From Backyard Shed to Motorcycle Haven – Via

Smart repurposing and upgrades turn a deteriorating shed into a place for prized bikes.

Rita Hendricks and Dennis Reed had only one requirement when searching for their new home. There had to be space for the motorcycles. Reed discovered his passion for motorcycles 15 years ago and has been obsessed ever since. “No one has just one motorcycle,” says Reed, 58, who’s an accountant. “I bought my first motorcycle, and that lead to a second one, which then lead to dirt bikes.” Hendricks, an interior designer, helped conceive the vision for his dream workshop, and the couple settled into a 1954 ranch with a detached two-car garage in need of design love.

Over three months they and Thomas Feld General Contractors turned the ramshackle garage into Reed’s dream motorcycle workshop. They added a new foundation and a custom reclaimed-wood feature wall and slat walls to keep things tidy. “For her the design element was the feature wall,” says Reed. “For me it’s having my screwdrivers, pliers and wrenches all organized by size, metric or standard.”

Project at a Glance
Who lives here: Rita Hendricks and Dennis Reed
Location: Forest Hills neighborhood of Dallas
Size: 400 square feet

Reed’s prized bikes, pictured from left to right, include a KTM 690 Enduro R, a BMW F800GS and a KTM 450 EXC-R.
traditional  My Houzz: Rita & Dennis
Pictured here is the state of the 1950s structure when the couple moved in. Instead of relocating it or tearing it down, they decided to remodel. In the front of the house is an attached two-car garage where they park their cars.
traditional  My Houzz: Rita & Dennis
The original concrete floor was buckled and broken. The couple worked with Thomas Feld General Contractors to install an appropriate foundation. They had to cut the building supports, lift the structure on stilts, remove the damaged concrete and pour a new foundation.
traditional  My Houzz: Rita & Dennis
The contractors squared and leveled the structure onto the new base. The interior framing suffered from termite damage, so they reinforced the walls and added new insulation.
traditional  My Houzz: Rita & Dennis
The existing roof was new, but the walls were in poor shape. “We took off all the exterior siding and replaced it,” says Hendricks. They also removed a pergola.
AFTER: A single 8-foot manual rolling garage door allows for more storage along the wall. The door has the thick insulation and quality that Reed was looking for, plus a decorative inlay that Hendricks loves. The new siding got a coat of bright paint.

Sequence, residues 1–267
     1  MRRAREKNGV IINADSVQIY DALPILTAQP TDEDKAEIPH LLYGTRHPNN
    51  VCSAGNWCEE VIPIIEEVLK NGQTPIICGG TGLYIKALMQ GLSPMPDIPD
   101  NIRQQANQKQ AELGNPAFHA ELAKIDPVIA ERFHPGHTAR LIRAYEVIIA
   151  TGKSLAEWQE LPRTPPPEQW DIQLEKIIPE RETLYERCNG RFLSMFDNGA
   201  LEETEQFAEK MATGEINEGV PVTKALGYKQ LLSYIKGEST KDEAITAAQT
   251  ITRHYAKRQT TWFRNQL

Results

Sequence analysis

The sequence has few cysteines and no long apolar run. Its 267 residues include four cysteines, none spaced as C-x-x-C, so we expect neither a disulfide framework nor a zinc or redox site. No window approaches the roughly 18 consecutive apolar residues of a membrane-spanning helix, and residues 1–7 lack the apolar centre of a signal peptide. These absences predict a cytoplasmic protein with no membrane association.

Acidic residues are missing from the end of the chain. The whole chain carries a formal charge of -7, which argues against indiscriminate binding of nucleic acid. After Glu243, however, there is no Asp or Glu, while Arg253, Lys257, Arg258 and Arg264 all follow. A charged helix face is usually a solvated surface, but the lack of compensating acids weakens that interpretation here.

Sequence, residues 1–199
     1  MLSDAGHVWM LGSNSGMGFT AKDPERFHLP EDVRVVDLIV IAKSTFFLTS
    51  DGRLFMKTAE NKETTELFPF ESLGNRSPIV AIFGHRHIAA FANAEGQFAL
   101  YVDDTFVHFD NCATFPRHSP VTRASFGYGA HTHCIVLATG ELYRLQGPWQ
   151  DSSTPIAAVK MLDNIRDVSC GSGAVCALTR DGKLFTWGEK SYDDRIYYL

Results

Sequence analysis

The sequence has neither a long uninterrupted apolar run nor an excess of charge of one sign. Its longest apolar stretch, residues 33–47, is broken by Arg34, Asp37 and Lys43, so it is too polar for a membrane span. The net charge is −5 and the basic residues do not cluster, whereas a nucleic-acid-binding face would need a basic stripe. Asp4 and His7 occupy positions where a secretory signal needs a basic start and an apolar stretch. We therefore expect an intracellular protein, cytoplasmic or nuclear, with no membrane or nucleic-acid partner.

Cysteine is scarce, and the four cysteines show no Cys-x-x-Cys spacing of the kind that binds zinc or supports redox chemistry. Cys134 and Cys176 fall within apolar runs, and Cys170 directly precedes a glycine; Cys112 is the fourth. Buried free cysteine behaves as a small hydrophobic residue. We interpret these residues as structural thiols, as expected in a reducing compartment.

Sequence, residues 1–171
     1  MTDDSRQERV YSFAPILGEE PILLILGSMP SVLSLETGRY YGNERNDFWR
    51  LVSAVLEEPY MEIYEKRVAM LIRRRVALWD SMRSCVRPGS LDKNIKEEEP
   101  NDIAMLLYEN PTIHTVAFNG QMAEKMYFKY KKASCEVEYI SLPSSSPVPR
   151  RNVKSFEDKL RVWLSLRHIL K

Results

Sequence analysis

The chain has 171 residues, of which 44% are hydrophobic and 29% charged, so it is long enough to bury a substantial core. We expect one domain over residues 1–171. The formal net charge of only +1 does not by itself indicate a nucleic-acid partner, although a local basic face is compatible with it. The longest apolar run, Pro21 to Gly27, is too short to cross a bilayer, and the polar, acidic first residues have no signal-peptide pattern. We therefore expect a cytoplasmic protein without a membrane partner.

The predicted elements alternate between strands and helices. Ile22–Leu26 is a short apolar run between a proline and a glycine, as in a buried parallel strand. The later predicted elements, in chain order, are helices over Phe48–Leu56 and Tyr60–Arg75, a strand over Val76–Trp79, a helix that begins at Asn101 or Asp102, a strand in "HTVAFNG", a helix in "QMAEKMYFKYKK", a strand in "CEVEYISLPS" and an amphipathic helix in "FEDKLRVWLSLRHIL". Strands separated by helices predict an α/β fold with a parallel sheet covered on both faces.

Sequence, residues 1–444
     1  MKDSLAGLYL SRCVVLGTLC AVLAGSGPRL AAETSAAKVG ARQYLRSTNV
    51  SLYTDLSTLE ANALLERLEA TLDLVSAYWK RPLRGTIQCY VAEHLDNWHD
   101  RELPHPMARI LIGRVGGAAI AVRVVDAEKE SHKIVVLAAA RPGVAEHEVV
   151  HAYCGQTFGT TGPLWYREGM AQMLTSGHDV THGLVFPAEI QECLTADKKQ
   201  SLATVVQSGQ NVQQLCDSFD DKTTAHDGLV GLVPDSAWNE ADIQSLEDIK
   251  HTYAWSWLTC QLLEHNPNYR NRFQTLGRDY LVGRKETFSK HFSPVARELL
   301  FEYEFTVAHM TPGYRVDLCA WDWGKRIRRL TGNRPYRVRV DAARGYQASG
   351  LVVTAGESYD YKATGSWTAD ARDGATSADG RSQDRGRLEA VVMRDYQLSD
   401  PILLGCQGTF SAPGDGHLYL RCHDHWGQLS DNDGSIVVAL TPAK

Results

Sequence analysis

Exterior paint: Universal Khaki SW 6150, Sherwin-Williams; garage door: Coachman Collection, Clopay

Here’s the couple outside the new structure. Reed wanted high windows for extra security and storage on the interior wall, but Hendricks thought clerestory windows would look odd. She installed faux shutters underneath to create the illusion of full-size windows. White trim completes the look.

Shutters: Ready Shutters; shutter paint: Sun Dried Tomato, Krylon Fusion

traditional  My Houzz: Rita & Dennis
Hendricks had the idea to create a wood panel accent wall inside. After weeks of searching for the right type of wood, the couple found reclaimed beadboard planks from The Old Home Supply House. Hendricks used most of the worn boards in their existing state but painted a dozen or so in primary colors.
Garage Workshop
Using a nail gun, they mounted the reclaimed planks one by one to a plywood substrate. They started the installation from the middle and worked outward.
AFTER: “I didn’t have the vision that Rita had, but I knew I wanted to retain some of the character of this old 1950s building,” says Reed. “The reclaimed beadboard was Rita’s interpretation of how to do that.” The worn look of the boards now adds to the rustic style of the space, while the pops of primary colors complement the motorcycles.
traditional  My Houzz: Rita & Dennis
The couple created custom storage walls with gray 4- by 8-foot slat-wall panels from Store Display Fixtures.
All of Reed’s tools are now organized for easy access. A stainless steel mop sink from a restaurant supply store is large enough to hold cleaning tools and parts. “I’m out there every night, fiddling with parts, organizing my things or doing upkeep and repairs,” he says.

Sink: Prep Sink, Allstrong Restaurant Equipment

Reed organizes his collection of riding gear and work shirts using retail wall shelves and hanging racks.
“The floor was a big debate,” says Hendricks. “I thought it was just going to be painted concrete.”

Reed did not want to go that route. “I did some research on floors in motorcycle forums where they have all of these debates on the best flooring,” he says. “I found a plastic modular flooring that I liked, and Rita helped me create the design.”

Flooring: Race Deck

Reed’s grandfather built the white worktable, then it was passed down. The couple added a second 48-inch-high worktable so Reed could work comfortably standing.

Table: Bamboo workbench, Gladiator

Reed now has an area for displaying his treasured helmet and souvenirs from participating in the Baja 2000 race.
“My previous garage was crowded; I was sharing the space with yard tools and storage,” says Reed. “Now I have a dedicated workshop. I’m an accountant — I like the organization and knowing where everything is.”
Article Written By: 

Orson B.Klender,  Associate Broker

Keller Williams Realty Saratoga Springs
38 High Rock Ave, Saratoga Springs, NY 12866

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